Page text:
For the benefit of all pianists learning this work, we present to you a concise and easy to use analysis of Beethoven’s Piano Sonata No.19 in G minor.
First Movement (Andante)
Form: Sonata Form. G Minor.
Bars 1-9: First Subject in G minor (tonic). The first subject consists of a section of eight bars, ending with half-close upon the dominant.
Bars 9-16: Connecting Episode. The connecting episode begins with the first four bars of the first subject, after which it modulates into the key of F major, dominant of the relative major.
Bars 17-30: Second Subject in B flat major. The second subject being with two-bar phrase, Bars 17-18, repeated, eighth higher, Bars 19-20, and again at Bars 21-22. At Bar 22 this phrase overlaps the commencement of a four-bar phrase, Bars 22-25, repeated (varied and extended), Bars 26-30.
Bars 30-34: Coda. The Coda is taken from the beginning of the second subject.
Double bar and repeat.
Bars 33-66: Nearly all of the development is constructed upon fragments of the second subject. Bars 35-50 are in the key of E flat, followed by a (transient) modulation to C minor, and then to tonic key, in which it continues to the end, where it closes upon dominant seventh, the C natural rising to C sharp, and then D. See Sonata No. 10, first movement, Bar 126.
Bars 66-73: First Subject in original key.
Bars 73-81: Connecting Episode. The connecting episode resembles the original one, altered so as to end in the dominant key instead of the key of F.
Bars 82-99: Second Subject in G minor (tonic). The latter part of the second subject is varied and extended on its re-appearance.
Bars 99-End: Coda. The Coda is formed of the same material as that in the exposition; but it is extended, the last eight bars being upon pedal point. The movement ends with a major triad upon the tonic.
Second Movement (Allegro)
Form: Rondo Form. G Major.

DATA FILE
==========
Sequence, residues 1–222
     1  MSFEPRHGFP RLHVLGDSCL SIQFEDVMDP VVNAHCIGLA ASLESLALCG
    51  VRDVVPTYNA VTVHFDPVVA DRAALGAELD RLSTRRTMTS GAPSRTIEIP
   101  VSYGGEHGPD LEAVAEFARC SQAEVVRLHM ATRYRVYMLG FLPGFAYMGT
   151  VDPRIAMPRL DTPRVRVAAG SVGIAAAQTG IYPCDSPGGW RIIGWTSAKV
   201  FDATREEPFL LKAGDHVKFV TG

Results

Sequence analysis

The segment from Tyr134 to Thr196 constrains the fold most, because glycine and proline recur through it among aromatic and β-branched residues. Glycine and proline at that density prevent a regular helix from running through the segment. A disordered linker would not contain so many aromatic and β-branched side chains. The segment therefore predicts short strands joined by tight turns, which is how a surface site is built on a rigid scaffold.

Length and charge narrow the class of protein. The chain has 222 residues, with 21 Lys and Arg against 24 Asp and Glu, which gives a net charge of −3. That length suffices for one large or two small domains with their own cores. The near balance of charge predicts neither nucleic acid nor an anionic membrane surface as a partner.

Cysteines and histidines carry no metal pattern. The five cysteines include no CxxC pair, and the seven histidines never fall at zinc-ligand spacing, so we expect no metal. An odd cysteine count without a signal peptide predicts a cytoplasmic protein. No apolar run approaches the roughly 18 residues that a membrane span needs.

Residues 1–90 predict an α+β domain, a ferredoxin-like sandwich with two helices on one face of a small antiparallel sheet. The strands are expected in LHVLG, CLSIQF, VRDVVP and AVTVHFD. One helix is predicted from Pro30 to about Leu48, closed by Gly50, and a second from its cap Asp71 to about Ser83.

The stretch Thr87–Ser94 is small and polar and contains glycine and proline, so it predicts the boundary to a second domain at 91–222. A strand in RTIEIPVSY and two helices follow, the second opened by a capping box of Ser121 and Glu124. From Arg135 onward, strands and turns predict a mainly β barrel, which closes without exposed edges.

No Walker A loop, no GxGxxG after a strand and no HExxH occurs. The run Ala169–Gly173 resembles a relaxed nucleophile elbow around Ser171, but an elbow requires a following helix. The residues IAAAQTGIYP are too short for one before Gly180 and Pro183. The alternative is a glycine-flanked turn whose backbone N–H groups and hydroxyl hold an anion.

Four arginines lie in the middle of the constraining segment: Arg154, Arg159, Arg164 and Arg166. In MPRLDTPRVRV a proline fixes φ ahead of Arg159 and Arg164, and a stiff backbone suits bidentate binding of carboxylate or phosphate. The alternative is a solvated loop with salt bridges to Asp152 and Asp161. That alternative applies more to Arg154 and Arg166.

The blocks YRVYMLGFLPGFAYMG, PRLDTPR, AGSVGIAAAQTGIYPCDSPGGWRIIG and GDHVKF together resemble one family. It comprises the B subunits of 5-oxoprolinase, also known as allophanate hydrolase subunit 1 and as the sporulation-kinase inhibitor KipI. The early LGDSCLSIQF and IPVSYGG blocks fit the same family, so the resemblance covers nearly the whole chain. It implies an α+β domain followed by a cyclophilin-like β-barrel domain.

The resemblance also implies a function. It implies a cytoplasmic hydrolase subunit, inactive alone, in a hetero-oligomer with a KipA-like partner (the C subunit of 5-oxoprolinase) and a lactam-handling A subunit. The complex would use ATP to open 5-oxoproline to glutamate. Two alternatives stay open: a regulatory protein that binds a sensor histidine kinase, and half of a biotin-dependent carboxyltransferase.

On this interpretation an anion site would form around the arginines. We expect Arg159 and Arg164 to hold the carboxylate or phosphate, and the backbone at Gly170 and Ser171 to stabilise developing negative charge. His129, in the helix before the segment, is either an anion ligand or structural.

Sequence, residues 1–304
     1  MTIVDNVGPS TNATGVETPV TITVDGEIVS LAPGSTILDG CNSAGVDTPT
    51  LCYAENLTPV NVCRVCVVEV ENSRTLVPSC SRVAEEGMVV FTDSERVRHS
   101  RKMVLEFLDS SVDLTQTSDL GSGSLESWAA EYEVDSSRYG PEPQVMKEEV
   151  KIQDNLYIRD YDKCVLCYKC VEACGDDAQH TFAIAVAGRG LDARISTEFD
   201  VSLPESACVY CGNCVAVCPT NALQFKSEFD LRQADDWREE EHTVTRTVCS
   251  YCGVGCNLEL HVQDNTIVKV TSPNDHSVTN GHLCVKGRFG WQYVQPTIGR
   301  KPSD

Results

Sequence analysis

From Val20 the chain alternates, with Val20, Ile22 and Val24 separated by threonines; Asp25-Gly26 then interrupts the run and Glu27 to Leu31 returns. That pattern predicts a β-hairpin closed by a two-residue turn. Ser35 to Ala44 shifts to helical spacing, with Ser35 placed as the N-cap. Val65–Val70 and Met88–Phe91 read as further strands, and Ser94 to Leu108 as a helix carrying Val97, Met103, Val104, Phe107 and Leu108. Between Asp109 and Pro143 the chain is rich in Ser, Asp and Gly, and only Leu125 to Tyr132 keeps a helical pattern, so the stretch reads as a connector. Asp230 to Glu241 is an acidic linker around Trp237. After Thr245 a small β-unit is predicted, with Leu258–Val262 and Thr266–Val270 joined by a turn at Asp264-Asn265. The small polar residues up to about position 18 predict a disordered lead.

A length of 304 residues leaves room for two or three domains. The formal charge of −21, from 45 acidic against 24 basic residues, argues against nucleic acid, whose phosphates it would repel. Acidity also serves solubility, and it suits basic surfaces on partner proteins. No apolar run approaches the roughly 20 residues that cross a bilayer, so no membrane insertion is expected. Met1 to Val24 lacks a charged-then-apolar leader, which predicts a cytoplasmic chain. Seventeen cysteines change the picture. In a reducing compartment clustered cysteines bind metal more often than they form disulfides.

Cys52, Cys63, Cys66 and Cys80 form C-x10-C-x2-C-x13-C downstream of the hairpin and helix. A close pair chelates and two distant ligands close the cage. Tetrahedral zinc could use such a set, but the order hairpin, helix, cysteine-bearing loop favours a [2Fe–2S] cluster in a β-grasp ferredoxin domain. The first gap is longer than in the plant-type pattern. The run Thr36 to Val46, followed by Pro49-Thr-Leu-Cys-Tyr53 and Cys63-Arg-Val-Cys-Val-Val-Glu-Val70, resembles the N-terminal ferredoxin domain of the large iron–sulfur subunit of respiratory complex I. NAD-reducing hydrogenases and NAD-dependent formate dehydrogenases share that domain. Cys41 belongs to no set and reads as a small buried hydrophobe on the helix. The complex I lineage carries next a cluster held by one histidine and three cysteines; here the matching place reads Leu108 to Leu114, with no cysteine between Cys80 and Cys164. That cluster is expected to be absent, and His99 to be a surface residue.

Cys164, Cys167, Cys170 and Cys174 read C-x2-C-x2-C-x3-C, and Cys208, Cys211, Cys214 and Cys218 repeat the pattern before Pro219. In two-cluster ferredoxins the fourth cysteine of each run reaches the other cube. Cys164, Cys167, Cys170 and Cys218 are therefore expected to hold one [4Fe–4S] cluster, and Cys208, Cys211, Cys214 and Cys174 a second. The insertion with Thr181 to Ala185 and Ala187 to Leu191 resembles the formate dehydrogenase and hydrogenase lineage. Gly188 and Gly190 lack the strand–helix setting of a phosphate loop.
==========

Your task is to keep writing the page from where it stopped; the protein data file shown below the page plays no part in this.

Bars 1-17: First Subject in G major (tonic). The first subject consists of an eight-bar sentence, Bars 1-9, followed by a four-bar section, Bars 9-13, after which the second section of the first sentence, Bars 5-9, is repeated, Bars 13-17. It ends with a full close in the tonic key, Bar 17.
Bars 17-31: Episode, beginning in G minor. The episode, after four bars of introduction, Bars 17-20, begins in G minor, with a four-bar phrase ending in D minor, Bars 21-24. The same phrase is the repeated, varied and extended, modulating to the key of B flat major, in which it ends, Bars 25-31.
Bars 31-33: Bars 31-33 form a connecting passage.
Bars 33-65: Second Subject in B flat major. The second subject, instead of being in D major, is in B flat major. The last part of the second subject, Bars 49-57, is repeated, Bars 57-65.
Bars 65-79: Episode. This episode consists of a complete repetition of the previous episode, the last four bars, 76-79, being altered to end in G minor instead of in the key of B flat major.
Bars 79-81: Bars 79-81 form a connecting passage.
Bars 81-97: First Subject in original key. The first subject re-appears in its entirety.
Bars 97-104: The development is of short duration; it is founded upon the first subject and is of a sequential nature, modulating into E minor, C major, A minor, and G major, and ending in the dominant key.
Bars 104-136: Second Subject in G major (tonic). The third part, instead of beginning with the third entry of the first subject, commences with the repetition of the second subject transposed into the tonic key.
Bars 136-154: First Subject in original key. The first subject is much varied and extended.
Bars 154-End: Coda. The Coda is constructed upon tonic pedal point.